In celebration of India’s 70th year of independence, INKLINE talks to one of the nation’s top up and coming indie bands, When Chai Met Toast.
by Nikhil Sreekandan
oh oh o o o o oh oh
Fighttt a different waaar (2)
I’ve been going on about this
Been holding the fight
-Fight, When Chai Met Toast
There is a certain euphoria that gets your feet tapping and your head nodding along as you listen to the upbeat guitar strumming and mad-happy lyrics of When Chai Met Toast. Known for their ‘happy’ genre of music and sing-along staple lyrics, the young band from the Indian state of Kerala has taken the country’s independent music scene by storm.
What started out as a two-piece, WCMT now has four members: Ashwin Gopakumar as the lead vocalist, Achyuth Jaigopal who plays the guitar and banjo, Palee Francis on the keyboard and Sailesh G Pai on drums. With their debut album, Joy of Little Things a major hit among indie music lovers in the country and abroad, they are currently touring around India for the video release of their new single, ‘Fight’.
We caught up with WCMT prior to the Bengaluru leg of their tour and got to hang out with Ashwin and Achyut, as they talked about the country’s indie music scene, their ambitions for WCMT and what it will take to leave their mark on the international circuit.
INKLINE: You guys are currently on the ‘Fight’ tour? How has that been?
Achyuth Jaigopal: Yes, we are on the ‘Fight’ video release premiere tour and have been touring all over South India, every show uses colourful sets and we wear the costumes just like in the music video. It’s entirely themed on the new release that we are doing.
Ashwin Gopakumar: There are some really good things that have happened to us since we started performing.
When we played at the Forum Mall in Bengaluru recently, there was this autistic kid with his sister at the mall and she came and told us that it is after a very long time that he started smiling and being happy and that he wanted to take a picture with us. So, that was one moment which triggers the whole positive fact that our music can actually make people happy.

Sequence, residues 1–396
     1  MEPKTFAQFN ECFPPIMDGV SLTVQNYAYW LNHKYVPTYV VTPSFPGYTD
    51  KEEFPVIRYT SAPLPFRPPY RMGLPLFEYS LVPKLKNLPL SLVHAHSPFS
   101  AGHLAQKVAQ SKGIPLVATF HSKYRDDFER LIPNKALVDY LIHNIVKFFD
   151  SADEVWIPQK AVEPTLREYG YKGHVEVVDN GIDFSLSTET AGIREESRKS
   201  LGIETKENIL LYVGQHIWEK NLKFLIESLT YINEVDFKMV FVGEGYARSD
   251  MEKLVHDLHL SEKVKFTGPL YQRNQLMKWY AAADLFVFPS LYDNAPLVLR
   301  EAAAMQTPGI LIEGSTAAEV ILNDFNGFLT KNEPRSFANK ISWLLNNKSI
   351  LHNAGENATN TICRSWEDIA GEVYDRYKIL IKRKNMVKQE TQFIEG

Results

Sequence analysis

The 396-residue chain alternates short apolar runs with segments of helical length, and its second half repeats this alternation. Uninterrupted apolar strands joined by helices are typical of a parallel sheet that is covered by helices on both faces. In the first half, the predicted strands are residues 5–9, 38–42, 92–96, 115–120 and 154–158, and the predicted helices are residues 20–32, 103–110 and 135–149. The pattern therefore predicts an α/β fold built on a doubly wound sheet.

I: At present, India’s independent music scene is gaining momentum. Do you think you guys came at the right time, was that a factor maybe?
AG: Now there’s more acceptance of things in general and now you have all the capability of bringing in the sound that you want to. Even if you say you are from India, you can put your time and effort and do things which have a quality of something which probably would come out from outside. We can actually do that, so I think more than the timing of things, it’s how the band works towards the timeline and keep that up with our effort and putting it out there.
I mean, yes the timeline kind of does work for us, because kids nowadays listen to a lot of English music compared to older times, colleges have bands coming in so they discover a lot of bands and a lot of that, and word of mouth obviously. From our knowledge, for us, a lot of it has been by word of mouth and which is really good to know.
I: What is your songwriting process like? Like who writes the lyrics? Is the melody added in later or you work around it?
AJ: It starts off with a Whatsapp recordings sometimes. It usually begins with a tune, except for in like two three cases, it’s always been the tune that comes first. But along with the tune, there are a couple of words that he (Ashwin) attaches to the tune according to what he felt when writing the tune. Then we try to build the lyrics around those couple of words and see what comes of it. After that, I set the guitar part or a banjo hook and then we take it together with the band.
AG: Then, Pai Sailesh, our drummer puts a structure to it and brings the whole energy and groove that comes with the track. Then it goes to Mr Palee Francis, who adds the magic to it with his production skills. So, it’s a combination of things that brings together the sound of WCMT.
I: Personally, Joy of Little Things was a beautiful debut album. How has the general reception been?
AJ: It’s been great because we always wanted to release content in the best quality that we can and in the best way that we can put things out. So due to that, we didn’t have to climb a lot of ladders that bands usually have to do, in terms of us being experienced musicians ourselves and also knowing how to put out quality content. In that way, Joy Of Little Things has received really good reviews from all around India – Filter Copy, Mens XP, and a bunch of online magazines and even the UK press – a couple of blogs have lauded it.